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Benson J. Lossing, Pictorial Field Book of the Civil War. Volume 2., Chapter 3: military operations in Missouri and Kentucky. (search)
am Nelson. by General Nelson's force from Prestonburg, on the Big Sandy River. He sent November, 1861. ColoneI Still, with nearly one-half of that force, Sill's troops for this occasion were the Thirty-third Ohio (his own regiment), a light battalion, under Major Hart, composed of portions of the Second, Thirty-third, and Fifty-ninth Ohio, and two Kentucky companies; one hundred and forty-two mounted men, mostly teamsters, commanded by Colonel Metcalf; thirty-six volunteers, under Colonel Apperson, and a section of artillery (two rifled 6-pounders), under Colonel Roher Vacher. to march by way of John's Creek to gain the rear of Williams at Piketon, whilst with the remainder he should move forward and attack his front, so bringing him between two fires and compelling him to surrender. Some one, counting positively on success, telegraphed to Washington that this result had been accomplished, and that a thousand prisoners had surrendered. The whole country was thrilled by the good
d driven away without serious loss on either side. A considerable Rebel force, under Col. John S. Williams, having been collected at Piketon, the capital of Pike, the easternmost county of Kentucky, at the head of the Big Sandy, Gen. Wm. Nelson, commanding the Union forces in Eastern Kentucky, started from Prestonburg, Nov. 8th, in quest of them. Having not less than 3,000 men, while Williams reports his full strength at 1,010, Nelson had, at 11 o'clock, A. M., of the 7th, dispatched Col. Apperson, of the 33d Ohio, with nearly half his force, to gain the rear of Piketon by a circuitous route through that rugged, almost roadless region, so as to inclose the Rebels between two fires, and compel their surrender. It was first telegraphed that this movement had proved a perfect success; but Williams, who seems to have been thoroughly posted throughout, retarded Nelson's direct advance by smart, judicious skirmishing in the positions assuring him the greatest advantage, while he hurrie
ember General Nelson despatched Colonel Sill with his own regiment, the Ohio Thirty-third, and the light battalion under Major Hart, Kentucky Volunteers, composed of a flank company from each of the regiments, the Second, Thirty-third, and Fifty-ninth O. V. U. S. A., and two Kentucky companies, together with one hundred and forty-two mounted men, under command of Colonel Metcalf, Kentucky Volunteers, made up of men mounted from the wagon teams, and thirty-six gentlemen volunteers, under Colonel Apperson, and a section of artillery, to march by the way of John's Creek and pass to the left of Pikeville, where the rebels had taken position — a distance of forty miles--and turn or cut them off. Colonel Sill marched at eleven A. M. on the 7th. At five A. M. of the 8th General Nelson moved forward with the Second regiment O. V. U. S. A., Colonel Harris; Twenty-first regiment O. V. U. S. A., Colonel Norton; Fifty-ninth regiment O. V. U. S. A., Colonel Fyffe; the battalion of Kentucky Volunte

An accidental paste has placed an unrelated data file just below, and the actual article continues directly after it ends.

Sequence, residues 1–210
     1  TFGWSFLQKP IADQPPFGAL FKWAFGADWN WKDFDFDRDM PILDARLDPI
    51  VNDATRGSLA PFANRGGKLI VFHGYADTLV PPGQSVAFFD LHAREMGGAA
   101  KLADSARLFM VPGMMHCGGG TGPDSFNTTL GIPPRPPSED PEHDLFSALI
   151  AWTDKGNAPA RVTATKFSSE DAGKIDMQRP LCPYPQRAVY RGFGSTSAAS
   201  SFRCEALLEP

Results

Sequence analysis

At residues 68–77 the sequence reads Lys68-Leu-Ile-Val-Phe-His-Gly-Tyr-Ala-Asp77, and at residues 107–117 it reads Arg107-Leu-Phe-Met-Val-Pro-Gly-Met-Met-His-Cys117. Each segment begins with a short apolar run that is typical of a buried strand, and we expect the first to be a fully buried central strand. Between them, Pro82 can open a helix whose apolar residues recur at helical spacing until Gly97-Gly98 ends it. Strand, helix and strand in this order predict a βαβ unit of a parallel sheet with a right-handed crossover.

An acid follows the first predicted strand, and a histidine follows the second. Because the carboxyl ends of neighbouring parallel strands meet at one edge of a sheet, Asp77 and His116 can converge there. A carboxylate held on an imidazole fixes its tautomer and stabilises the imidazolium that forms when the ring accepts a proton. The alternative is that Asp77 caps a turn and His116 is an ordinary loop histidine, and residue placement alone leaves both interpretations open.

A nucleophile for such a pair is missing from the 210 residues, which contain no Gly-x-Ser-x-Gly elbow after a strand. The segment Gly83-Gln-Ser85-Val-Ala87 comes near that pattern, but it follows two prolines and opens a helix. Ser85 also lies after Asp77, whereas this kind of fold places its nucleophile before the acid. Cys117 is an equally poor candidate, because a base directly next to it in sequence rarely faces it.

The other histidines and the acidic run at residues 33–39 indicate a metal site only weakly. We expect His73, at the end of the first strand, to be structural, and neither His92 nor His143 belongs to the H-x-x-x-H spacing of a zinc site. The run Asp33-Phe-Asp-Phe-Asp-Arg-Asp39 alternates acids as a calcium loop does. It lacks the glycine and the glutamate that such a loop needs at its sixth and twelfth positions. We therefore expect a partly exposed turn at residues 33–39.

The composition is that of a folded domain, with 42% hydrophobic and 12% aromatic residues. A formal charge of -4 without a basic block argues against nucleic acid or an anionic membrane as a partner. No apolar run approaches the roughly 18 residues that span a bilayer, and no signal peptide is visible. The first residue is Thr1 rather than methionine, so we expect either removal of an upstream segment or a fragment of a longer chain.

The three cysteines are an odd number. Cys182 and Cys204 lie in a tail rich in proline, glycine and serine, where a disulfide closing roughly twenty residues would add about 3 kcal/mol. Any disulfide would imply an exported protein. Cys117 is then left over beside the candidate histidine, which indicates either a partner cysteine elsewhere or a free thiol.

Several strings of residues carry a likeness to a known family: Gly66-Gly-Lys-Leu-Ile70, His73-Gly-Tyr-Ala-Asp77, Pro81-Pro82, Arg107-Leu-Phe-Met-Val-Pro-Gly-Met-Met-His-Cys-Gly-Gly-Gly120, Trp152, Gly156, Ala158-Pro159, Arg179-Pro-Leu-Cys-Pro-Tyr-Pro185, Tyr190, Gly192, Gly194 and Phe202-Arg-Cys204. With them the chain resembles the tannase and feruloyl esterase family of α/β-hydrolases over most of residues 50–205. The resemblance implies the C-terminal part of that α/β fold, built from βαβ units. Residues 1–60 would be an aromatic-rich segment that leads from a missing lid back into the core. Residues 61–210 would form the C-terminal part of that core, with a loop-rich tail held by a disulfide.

ong the route, he found the house filled with the dead and wounded; curb-stones were wet with blood, and in one case, even the water of the well was crimson with gore. Gen. Benton's force consisted of the Eighth Indiana, Col. Shunk; a section of Manter's battery, First Missouri light artillery, Lieut. Schofield; part of the Eleventh Wisconsin, Major Platt; one howitzer from Bowen's battalion; the Thirteenth Illinois cavalry, Col. Bell, and a battalion of the Fifth Illinois cavalry under Major Apperson. After the battle, and while the wounded were being collected and cared for, another body of rebels appeared on the Bayou De View road and drove in our pickets. I immediately sent Lieut.-Col. Wood, of the Eleventh Wisconsin, with a force of infantry, and the First Indiana cavalry, to pursue and capture them. He proceeded to Bayou De View, shelled the rebels from their camp, and prevented the burning of the bridge, on which fagots had already been piled. By this time it was dark, an
Southern Historical Society Papers, Volume 25. (ed. Reverend J. William Jones), chapter 1.9 (search)
cacy that could not otherwise be procured for the use of the objects of their solicitude. But a few, comparatively, survive the lapse of years intervening since the great contest ended. Appended is a partial list, so far as can be recalled, of this famous and useful organization. Those who live deserve, as they receive, the gratitude of all surviving veterans, while the good deeds of those passed away are wreathed in memory that blooms sweetly and blossoms in the dust: 8 Members. Apperson, James L. Archer, Robert S. Ainslie, George A. Allen, Charles W. Burrows, Rev. J. L. Burress, James E. Beville, Wm. J. Bates, Charles Barney, Dr. C. G. Bailey, Samuel M. Cabell, Dr. J. G. Dooley, John Dudley, Thomas U. Doswell, Thomas W. Dibrell, R. H. Enders, John Exall, Henry Ellett, Andrew L. Eacho, Edward D. Edmond, Robert Ellyson, Moses Frayser, Lewis H. Glazebrook, L. W. Gatewood, Robert Goddin, Wellington Hobs